The SEC Newgate AI Weekly
The Bard is dead, long live the twins
Google’s Gemini model has been gradually introduced to Bard since November 2023, but the takeover is finally complete with this week’s rebrand of the chatbot which can now be accessed at gemini.google.com. Those of us who use Bard regularly have noticed a serious improvement in performance over the past few weeks and hopefully the improvements will keep coming. The rebrand makes sense – for me, Bard will always be remembered for staggering inaccuracies about our team, our company and our clients – some hilarious, others much more reputationally damaging. So long and thanks for all the hallucination.
Meta mitigates misinformation
Meta announced plans to label AI-generated images created with third-party tools when they are posted on the company’s Facebook and Instagram platforms (and Threads but will anyone notice?). The company already labels content created on Imagine, its own image-generation AI chatbot, but is now extending this to content created with MidJourney, Dall-E, Firefly and others that have agreed to incorporate watermarks and metadata into their output. But Meta says this technology has not yet been rolled out for video and audio on these third-party applications, and some experts claim it is fairly simple to remove these signals from AI-generated images. OpenAI’s announcement on the same subject even acknowledged that their metadata can be easily removed. Meta declined to comment on whether images shared via WhatsApp (a major source of problematic fake content) could be similarly labelled. Whilst any effort to counter disinformation should be encouraged, labelling may lead to a situation where images generated by the public are tagged and those ‘cleaned up’ by bad actors will not – creating confusion and potentially making the problem worse.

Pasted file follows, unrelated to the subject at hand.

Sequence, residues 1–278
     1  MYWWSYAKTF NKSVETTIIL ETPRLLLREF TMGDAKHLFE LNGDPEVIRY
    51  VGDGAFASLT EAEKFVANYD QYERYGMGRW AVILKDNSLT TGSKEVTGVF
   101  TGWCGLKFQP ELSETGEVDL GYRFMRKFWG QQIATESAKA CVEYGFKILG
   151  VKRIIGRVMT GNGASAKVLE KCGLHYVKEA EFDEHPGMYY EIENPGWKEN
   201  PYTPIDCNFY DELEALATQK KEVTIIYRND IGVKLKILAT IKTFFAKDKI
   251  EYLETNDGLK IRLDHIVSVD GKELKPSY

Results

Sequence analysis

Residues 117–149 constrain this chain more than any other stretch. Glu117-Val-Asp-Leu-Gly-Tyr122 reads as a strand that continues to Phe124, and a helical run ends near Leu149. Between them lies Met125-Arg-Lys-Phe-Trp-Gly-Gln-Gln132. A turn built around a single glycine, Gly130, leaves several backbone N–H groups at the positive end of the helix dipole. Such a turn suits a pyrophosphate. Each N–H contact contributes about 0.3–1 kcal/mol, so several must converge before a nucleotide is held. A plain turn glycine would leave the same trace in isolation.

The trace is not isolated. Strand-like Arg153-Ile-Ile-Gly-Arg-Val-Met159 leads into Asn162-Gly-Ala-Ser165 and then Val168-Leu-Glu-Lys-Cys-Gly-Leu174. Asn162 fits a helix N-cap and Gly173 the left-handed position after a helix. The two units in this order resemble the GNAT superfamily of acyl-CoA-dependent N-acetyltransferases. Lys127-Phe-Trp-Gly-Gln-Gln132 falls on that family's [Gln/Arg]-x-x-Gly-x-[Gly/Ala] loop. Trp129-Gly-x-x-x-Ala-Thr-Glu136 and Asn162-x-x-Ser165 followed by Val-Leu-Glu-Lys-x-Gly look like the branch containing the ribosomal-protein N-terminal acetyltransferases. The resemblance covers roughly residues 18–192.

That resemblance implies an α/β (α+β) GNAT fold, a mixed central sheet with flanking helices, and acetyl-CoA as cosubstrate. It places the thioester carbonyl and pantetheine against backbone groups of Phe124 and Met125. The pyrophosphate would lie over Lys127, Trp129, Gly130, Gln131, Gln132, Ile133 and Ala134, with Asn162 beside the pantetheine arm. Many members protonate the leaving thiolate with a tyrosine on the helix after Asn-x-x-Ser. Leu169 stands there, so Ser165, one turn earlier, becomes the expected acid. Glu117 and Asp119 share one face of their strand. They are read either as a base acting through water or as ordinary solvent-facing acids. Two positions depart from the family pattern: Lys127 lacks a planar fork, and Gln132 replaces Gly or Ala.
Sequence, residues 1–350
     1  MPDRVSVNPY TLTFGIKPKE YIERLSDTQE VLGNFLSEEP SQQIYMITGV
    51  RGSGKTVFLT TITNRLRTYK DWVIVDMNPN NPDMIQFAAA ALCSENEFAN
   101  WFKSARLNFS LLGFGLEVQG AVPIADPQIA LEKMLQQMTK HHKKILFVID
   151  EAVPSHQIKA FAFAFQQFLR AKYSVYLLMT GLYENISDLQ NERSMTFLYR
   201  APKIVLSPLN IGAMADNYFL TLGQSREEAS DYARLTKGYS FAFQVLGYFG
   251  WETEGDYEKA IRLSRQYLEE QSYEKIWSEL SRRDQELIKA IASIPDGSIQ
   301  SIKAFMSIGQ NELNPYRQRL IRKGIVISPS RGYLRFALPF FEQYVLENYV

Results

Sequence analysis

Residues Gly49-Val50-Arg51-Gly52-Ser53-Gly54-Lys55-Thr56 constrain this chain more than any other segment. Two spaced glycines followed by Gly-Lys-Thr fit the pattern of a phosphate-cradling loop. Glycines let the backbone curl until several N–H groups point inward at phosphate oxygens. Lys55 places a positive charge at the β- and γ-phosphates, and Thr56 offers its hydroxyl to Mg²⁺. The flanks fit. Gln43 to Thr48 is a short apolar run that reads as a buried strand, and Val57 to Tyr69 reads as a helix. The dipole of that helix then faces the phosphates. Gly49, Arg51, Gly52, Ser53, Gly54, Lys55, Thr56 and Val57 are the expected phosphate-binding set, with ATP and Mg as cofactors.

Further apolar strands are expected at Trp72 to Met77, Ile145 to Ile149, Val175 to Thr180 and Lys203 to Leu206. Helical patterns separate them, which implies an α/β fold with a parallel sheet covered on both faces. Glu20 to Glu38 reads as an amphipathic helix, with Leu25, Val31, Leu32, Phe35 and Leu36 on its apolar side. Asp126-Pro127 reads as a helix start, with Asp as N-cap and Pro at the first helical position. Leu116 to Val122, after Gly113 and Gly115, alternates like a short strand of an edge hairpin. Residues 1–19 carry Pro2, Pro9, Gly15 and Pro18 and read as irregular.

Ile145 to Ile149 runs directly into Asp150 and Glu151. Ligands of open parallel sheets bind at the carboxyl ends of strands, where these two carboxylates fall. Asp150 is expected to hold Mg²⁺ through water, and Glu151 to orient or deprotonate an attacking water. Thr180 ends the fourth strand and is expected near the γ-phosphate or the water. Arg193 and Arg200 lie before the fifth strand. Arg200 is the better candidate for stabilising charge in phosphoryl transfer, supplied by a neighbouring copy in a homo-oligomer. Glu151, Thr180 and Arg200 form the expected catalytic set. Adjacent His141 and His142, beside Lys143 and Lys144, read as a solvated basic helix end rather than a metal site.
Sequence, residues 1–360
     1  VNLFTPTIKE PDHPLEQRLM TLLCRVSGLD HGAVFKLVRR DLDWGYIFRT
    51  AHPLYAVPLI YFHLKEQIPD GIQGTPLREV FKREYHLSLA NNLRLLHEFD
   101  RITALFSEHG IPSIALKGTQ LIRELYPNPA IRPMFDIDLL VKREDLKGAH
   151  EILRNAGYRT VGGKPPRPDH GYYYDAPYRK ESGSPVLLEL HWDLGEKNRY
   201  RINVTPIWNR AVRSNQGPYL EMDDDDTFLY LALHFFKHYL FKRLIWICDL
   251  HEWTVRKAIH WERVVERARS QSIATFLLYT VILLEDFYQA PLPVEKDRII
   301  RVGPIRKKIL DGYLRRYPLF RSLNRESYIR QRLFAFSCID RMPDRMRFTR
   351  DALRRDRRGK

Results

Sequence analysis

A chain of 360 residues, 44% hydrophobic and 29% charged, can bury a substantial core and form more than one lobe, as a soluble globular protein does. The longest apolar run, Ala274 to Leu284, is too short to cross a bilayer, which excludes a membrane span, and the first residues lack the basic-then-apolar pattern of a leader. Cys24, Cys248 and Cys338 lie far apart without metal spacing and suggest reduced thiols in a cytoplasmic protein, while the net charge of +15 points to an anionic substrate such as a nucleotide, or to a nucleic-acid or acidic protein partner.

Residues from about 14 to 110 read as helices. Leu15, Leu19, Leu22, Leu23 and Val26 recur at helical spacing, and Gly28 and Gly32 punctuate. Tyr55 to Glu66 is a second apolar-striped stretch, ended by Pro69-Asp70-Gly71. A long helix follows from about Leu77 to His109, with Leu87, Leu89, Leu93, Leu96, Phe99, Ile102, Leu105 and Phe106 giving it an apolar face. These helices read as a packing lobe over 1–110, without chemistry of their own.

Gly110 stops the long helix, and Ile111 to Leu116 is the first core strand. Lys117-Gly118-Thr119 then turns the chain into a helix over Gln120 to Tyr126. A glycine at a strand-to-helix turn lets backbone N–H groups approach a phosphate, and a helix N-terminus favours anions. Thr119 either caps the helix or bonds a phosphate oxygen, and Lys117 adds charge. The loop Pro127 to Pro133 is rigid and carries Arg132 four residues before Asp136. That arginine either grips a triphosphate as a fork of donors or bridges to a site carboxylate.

Sprechen sie Roblox?
Exciting news for kids this week as Roblox unveiled an AI model that provides real-time chat translation, allowing users to send messages and receive replies in their chosen language (16 languages are supported at launch including English, French, Japanese, Thai, Polish, and Vietnamese). The gaming platform, which surged in popularity with younger people during the pandemic, has been at the forefront of AI-integration for some time, including a tool which automatically translates words on buildings within the virtual environment. Dan Sturman, the company’s CTO, says that the technology could eventually be used for real-time voice messaging.
“That ship has sailed”
Quote of the week comes from Nick Clegg, President of Global Affairs at Meta confirming that the company’s new AI content labelling policy will not identify AI-generated text. If tech giant Meta can’t do it, be very wary of any tool claiming to be able to identify text generated by chatbots such as ChatGPT or Co-Pilot.